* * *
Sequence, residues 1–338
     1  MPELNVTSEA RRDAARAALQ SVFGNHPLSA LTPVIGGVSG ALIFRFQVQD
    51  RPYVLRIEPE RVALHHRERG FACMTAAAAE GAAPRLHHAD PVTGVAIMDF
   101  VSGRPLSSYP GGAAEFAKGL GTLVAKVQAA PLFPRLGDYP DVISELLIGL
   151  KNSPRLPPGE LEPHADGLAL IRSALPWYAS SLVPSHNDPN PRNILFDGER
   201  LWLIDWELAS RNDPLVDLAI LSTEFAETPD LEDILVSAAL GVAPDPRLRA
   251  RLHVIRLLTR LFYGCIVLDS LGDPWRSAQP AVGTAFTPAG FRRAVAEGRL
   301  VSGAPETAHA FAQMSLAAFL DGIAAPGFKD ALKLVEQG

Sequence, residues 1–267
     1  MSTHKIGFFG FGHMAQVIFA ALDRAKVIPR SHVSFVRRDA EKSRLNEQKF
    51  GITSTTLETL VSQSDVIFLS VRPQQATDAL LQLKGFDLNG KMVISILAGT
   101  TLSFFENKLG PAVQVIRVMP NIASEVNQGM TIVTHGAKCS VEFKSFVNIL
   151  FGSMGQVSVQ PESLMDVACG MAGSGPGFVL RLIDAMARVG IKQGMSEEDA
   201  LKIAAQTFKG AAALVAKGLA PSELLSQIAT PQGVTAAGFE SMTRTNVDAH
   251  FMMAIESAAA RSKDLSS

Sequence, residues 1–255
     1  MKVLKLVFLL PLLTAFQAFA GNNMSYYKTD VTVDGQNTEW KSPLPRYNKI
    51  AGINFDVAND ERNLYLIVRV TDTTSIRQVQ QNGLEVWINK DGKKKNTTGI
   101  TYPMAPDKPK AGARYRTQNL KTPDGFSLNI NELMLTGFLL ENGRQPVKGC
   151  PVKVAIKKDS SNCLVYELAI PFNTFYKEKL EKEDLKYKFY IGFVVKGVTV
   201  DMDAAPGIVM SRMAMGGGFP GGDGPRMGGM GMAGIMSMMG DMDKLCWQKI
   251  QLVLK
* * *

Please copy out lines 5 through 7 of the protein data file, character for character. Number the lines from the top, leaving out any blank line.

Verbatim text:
   151  KNSPRLPPGE LEPHADGLAL IRSALPWYAS SLVPSHNDPN PRNILFDGER
   201  LWLIDWELAS RNDPLVDLAI LSTEFAETPD LEDILVSAAL GVAPDPRLRA
   251  RLHVIRLLTR LFYGCIVLDS LGDPWRSAQP AVGTAFTPAG FRRAVAEGRL